By Nicola Callaghan, Managing Director at HR Caddy
The long six weeks holidays are at an end. Unlike previous years though, something is very different about the return to school for many employees this year, which is likely to have an impact on the operations of employers in the weeks and months ahead.
The last 18 months have been a whirlwind of change for employers as they grapple with a significant change in workplace practices and employee expectations.
For much of this period, many employees – particularly those in ‘white-collar’ jobs – had the advantage of working from home, although at times the challenge of home schooling made the juggle between work and home life complex.
However, the end of summer reflects a marked change in both childcare provisions, as children return to schools and workers, many of whom are required to return to the office (at least part-time in many cases).
This situation certainly poses a challenge for employees, as they once again get used to having to manage care for youngsters around the regular working hours of their job.
For many, they may once again be able to use childcare services, such as a childminder, while others may have family help at hand.
However, employers may have to contend with the fact that some employees no longer want or are able to manage the burden of childcare costs or spend less time with their families.
Common practice within most workplaces at the moment is favouring a phased return to the office or place of work, where feasible.
This may include allowing staff to work some days at home and others at the office, or in some cases going completely remote.
Other workplaces, however, have had different experiences and are keen to see a full return to the regular work environment for most, if not all, employees.
This is likely to spark conflict between employees and employers, so what can be done?
An increasing number of workplaces are allowing employees to adapt their working hours to fit their needs – even where they continue to work in an office or on-site.
The inflexibility of many school hours and their marrying to regular ‘9-5’ working hours have often been a challenge for working parents and so a more flexible approach that allows for adaptation to work hours to suit an employee’s needs may offer a fairer solution for those employers who foresee or desire a return to the workplace.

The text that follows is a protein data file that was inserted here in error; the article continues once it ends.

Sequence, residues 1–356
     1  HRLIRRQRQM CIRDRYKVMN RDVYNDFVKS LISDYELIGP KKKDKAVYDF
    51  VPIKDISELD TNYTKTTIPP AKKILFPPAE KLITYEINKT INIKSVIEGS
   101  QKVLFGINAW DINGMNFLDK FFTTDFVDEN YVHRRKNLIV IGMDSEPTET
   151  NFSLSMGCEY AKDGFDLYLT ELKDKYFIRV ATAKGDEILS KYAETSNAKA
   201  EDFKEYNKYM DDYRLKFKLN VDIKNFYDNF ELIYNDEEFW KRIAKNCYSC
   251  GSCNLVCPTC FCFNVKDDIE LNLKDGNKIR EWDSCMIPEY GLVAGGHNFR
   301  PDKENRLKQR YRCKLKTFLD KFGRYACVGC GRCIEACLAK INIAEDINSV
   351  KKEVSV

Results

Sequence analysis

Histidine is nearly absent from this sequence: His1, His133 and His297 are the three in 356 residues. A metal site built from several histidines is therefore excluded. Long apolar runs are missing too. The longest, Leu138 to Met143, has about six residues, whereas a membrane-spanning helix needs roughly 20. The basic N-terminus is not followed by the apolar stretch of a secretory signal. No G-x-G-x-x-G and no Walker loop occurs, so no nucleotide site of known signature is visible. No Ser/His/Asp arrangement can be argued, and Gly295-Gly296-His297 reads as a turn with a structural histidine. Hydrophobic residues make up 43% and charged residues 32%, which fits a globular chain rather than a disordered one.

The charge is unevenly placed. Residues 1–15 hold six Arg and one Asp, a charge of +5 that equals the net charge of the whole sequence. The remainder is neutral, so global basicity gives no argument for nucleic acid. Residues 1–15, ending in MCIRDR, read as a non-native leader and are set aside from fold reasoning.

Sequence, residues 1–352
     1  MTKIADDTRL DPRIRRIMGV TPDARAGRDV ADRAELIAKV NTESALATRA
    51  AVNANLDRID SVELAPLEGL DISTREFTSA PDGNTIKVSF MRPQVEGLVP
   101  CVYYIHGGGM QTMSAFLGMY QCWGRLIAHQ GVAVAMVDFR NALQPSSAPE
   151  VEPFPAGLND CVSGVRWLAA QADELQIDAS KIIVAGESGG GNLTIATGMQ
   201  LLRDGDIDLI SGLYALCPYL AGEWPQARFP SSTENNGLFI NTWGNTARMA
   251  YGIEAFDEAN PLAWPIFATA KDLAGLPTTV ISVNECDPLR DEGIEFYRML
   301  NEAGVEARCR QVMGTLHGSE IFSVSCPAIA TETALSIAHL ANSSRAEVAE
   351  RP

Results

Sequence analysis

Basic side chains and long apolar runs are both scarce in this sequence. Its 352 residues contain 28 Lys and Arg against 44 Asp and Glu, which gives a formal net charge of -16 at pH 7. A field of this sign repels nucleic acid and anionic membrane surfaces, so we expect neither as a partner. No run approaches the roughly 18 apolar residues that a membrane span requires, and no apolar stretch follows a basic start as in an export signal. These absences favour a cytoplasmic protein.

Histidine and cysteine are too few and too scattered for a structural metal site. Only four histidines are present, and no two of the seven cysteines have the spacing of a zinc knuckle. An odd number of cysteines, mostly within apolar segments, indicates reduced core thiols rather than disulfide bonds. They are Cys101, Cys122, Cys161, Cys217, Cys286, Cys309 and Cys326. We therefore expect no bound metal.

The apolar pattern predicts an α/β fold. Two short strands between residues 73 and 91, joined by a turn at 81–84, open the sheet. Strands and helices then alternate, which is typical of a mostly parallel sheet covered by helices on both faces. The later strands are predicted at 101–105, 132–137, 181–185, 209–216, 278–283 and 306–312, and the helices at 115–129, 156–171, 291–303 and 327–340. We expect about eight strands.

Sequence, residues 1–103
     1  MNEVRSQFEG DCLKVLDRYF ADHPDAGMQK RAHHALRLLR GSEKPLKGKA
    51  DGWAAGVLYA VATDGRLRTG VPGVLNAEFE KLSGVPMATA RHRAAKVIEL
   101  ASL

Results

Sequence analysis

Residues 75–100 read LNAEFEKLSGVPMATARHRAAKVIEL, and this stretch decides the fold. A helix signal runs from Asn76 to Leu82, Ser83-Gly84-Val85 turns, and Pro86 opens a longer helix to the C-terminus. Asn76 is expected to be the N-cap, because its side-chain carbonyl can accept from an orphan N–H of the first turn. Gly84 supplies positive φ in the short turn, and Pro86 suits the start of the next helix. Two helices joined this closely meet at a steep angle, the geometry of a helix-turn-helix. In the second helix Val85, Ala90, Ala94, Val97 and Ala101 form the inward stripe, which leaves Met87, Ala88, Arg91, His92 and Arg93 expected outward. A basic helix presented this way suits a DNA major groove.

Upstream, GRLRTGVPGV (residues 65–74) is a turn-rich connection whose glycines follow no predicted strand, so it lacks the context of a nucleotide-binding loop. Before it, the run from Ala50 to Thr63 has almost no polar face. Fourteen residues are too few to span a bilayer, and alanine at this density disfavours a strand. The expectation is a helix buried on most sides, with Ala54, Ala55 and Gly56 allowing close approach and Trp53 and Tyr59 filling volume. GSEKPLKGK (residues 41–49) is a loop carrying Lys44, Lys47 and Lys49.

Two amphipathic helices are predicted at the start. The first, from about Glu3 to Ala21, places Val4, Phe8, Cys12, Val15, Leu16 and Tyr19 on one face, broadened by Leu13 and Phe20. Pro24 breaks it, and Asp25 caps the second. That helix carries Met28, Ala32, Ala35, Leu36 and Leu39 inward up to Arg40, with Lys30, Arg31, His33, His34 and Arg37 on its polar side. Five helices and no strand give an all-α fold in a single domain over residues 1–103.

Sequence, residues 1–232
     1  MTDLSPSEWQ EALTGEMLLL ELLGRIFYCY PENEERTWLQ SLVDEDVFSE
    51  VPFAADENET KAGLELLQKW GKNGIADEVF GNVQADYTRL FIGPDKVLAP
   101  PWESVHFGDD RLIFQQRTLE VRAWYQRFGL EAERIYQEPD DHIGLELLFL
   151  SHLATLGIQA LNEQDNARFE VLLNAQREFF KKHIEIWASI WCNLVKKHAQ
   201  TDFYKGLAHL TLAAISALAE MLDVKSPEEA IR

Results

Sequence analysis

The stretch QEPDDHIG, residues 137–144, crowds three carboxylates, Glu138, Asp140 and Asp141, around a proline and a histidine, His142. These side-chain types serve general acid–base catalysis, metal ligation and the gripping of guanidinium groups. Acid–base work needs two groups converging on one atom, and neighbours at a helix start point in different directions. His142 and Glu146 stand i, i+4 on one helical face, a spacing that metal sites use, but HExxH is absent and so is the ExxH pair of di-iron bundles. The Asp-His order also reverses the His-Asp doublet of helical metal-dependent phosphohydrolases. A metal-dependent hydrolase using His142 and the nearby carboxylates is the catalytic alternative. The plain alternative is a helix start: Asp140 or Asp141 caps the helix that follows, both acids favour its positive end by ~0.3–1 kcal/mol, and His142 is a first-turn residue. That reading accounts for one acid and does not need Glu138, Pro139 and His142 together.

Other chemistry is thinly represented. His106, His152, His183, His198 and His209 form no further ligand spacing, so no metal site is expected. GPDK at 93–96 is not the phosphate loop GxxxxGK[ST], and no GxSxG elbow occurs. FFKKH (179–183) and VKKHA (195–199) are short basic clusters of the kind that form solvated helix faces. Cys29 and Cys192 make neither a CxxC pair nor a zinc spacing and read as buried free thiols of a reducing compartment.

In most cases, employers are requesting that employees try to fulfil as many ‘regular’ working hours as possible, while giving their employees flexibility, here and there to manage other aspects of their lives.
The existing flexible working legislation allows for employees to request greater flexibility within their working hours, but of course, employers must be given the opportunity to review and refuse a request if it does not meet the commercial requirements of the business.
Although there have been rumours of stricter flexible working arrangements, with greater power given to employees to change their hours of work or request remote working with less recourse for employers, the Government has said it does not intend to legislate for this at the moment.
The start of the school term often leads to a rise in staff absences as employees support their children back to the classroom after the long six weeks holiday.
However, this return to school is likely to see a more significant spike, as employees themselves get used to having to once again manage the school run and childcare alongside their own return to the workplace.
In many cases, a degree of flexibility can be given if a person has to support their children, perhaps taking extra time in the morning to start work, or having to leave early to look after an ill or upset child.
We suspect, however, that employers are likely to see more challenges as parents get used to regular work patterns, the commute and dealing with the other aspects of spending less time at home with their family.
Initially, it may make sense to give at least some leeway to employees that are struggling, especially if their performance is otherwise exemplary.
This may offer a good juncture for employers to step in and have discussions with an employee to find out how they can be better supported.
Longer-term though, if an employer spots a longer pattern of absence or lateness, it is challenged and the situation does not improve then further steps may need to be taken.
In order to successfully challenge this behaviour and take appropriate actions, it is important that employers have up to date contracts and employee handbooks to refer to, which clearly outline the expectations of staff.
If these were updated mid-pandemic to offer greater flexibility but have not been updated since it is important that employers take steps to review and amend their contracts once again to reflect current working conditions.
As with any absences, employers should already have an established policy, which outlines how it will investigate and deal with this issue.
It is important that employees are aware of this policy and it is followed closely by employers so that a decision to punish or dismiss an employee cannot be challenged at a tribunal.
Employers that are facing issues with employees and their childcare arrangements should seek help, especially if it is having a noticeable effect on productivity or relations with clients and customers.
Speaking with an HR expert may help to create policies that balance the best interests of employers and their workforce, or if suitable arrangements cannot be reached, help with the dismissal of employees who are unable to fulfil their role – although this is often the last resort for most workplaces.
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